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March 14, 2009


Liz Lawley

Jane McGonigal talked about this a lot last year at GDC in her "games as happiness engines" talk.

Jason Puckett

Have you seen this example of a professor who designed an online course using the RPG model?


Sean Ness

Here's a link to her post and slides of her presentation - http://blog.avantgame.com/2008/02/is-broken-my-gdc-rant.html


The Scouts and Girl Guides do it offline, with their badges and the like, but it would be great to see the same approach in more formal learning contexts.


Hmn. I am... wary of this thought. I think you're suggesting grafting a game mechanic based on reward over real life, in order to motivate people to do things they would otherwise not be motivated to do.

Suppose this system works, and we have a large subset of people motivated to engage with 'boring things' / chores / biology gcse only through the medium of a game overlay. This reward structure de facto encourages engagement only to the level necessary to gain the achievement. Does providing an external motivation structure (which is necessarily impermanent) put them at a disadvantage compared to their conventionally motivated peers, who will be better able to operate in the absence of this game-framework?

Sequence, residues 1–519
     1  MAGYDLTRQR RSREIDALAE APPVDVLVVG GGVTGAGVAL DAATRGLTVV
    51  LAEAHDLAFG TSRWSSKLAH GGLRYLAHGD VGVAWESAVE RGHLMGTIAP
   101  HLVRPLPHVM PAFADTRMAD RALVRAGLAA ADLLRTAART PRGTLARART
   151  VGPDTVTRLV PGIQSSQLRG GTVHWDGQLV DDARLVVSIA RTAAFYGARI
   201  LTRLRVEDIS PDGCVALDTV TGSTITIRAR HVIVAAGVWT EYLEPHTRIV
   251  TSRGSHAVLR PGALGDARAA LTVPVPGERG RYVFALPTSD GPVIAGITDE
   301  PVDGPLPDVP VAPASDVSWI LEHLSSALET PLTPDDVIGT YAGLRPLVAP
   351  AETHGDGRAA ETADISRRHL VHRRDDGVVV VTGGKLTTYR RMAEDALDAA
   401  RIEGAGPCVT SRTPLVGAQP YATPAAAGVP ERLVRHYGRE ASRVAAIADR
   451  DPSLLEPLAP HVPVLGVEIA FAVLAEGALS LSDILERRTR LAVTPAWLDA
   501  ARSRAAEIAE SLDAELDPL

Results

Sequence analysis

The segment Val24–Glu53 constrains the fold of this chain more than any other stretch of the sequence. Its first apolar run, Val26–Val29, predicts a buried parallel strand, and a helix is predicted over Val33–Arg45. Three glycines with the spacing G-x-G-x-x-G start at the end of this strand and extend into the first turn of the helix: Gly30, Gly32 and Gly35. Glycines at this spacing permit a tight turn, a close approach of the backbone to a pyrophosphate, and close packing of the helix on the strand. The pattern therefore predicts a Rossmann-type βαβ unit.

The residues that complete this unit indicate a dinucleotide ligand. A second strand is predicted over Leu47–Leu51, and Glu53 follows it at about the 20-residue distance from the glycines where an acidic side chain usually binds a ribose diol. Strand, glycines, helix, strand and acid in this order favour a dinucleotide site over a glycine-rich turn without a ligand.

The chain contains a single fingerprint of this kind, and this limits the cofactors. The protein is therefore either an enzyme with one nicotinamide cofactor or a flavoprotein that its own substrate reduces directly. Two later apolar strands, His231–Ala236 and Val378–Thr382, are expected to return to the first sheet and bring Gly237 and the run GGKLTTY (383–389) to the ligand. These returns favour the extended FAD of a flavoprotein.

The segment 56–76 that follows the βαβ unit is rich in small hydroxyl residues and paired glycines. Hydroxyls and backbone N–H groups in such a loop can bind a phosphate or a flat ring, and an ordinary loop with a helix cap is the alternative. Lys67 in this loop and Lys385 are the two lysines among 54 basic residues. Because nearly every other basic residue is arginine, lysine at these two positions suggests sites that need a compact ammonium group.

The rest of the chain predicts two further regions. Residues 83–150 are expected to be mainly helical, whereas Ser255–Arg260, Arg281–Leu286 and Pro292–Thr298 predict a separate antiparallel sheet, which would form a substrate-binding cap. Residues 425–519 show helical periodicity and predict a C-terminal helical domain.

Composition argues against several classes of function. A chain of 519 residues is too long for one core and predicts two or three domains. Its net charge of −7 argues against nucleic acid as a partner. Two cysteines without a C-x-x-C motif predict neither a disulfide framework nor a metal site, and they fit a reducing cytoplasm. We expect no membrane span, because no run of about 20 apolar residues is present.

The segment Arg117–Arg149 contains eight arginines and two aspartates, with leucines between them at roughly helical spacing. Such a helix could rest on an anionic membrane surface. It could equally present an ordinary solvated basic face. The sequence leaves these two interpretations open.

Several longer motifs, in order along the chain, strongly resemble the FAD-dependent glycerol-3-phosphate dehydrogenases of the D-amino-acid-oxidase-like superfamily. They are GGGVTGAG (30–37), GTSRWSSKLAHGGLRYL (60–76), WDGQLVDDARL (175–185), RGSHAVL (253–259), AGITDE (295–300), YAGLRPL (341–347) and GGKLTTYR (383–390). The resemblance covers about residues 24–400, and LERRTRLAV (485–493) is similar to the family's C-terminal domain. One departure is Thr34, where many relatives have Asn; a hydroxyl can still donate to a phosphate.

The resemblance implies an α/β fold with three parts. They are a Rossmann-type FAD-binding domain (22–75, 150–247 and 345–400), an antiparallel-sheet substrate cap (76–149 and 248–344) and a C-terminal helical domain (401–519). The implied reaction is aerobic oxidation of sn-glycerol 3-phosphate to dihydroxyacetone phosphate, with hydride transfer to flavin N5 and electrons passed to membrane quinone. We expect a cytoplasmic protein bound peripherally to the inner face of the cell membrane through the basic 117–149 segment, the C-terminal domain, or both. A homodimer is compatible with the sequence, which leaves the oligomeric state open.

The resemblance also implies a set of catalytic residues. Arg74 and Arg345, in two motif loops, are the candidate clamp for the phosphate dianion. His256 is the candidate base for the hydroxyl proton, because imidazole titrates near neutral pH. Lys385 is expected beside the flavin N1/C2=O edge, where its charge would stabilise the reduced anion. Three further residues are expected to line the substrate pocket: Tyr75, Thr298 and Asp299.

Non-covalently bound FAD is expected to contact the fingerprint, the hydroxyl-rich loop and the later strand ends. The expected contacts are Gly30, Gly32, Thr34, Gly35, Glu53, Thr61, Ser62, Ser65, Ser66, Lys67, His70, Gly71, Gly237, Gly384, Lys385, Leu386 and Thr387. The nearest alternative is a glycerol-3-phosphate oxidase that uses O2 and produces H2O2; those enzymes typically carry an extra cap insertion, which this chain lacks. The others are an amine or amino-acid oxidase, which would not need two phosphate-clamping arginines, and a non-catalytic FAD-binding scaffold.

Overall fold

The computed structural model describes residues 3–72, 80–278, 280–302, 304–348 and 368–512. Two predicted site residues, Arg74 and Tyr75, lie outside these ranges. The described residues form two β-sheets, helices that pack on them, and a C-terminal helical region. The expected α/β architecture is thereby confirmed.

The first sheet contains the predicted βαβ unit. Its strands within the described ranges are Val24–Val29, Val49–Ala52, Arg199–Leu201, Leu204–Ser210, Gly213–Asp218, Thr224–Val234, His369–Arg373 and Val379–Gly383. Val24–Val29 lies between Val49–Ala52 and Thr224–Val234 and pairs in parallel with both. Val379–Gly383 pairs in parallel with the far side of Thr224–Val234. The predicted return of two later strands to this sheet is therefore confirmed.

Would tend to stop people learning to self-motivate, and take responsibility for setting their own goals?
How valuable a life-skill is this? Is it worth de-emphasising the learning of self-determination and drive in order to get people engaging with topics with the game overlay?

To what extend does conventional schooling already set an achievement framework around skill aquisition?

Also... broadening this out: could conventional religion be considered an attempt to put a framework of reward for appropriate behaviour around everyday life?


As a person who both loves the achievement rush and has a zillion chores and errands to get done, I think about this *a lot*, and posted a ramble about it a little while ago.

I'd like a game that involves engaging with whatever the task is and optimizing my proficiency -- finding out what doesn't work, getting tips from others, learning to integrate it better into my routine. It'd be great if the really dreadful chores could be made more exciting than they are, through storytelling, props, some kind of multi-player...?

Assuming that tasks can include all sorts of missions and experiences (not just the boring ones), I think the levelling and achievements potential could be really cool.


Kim raises an excellent point about whether self-motivation could wither and die. What a thought.

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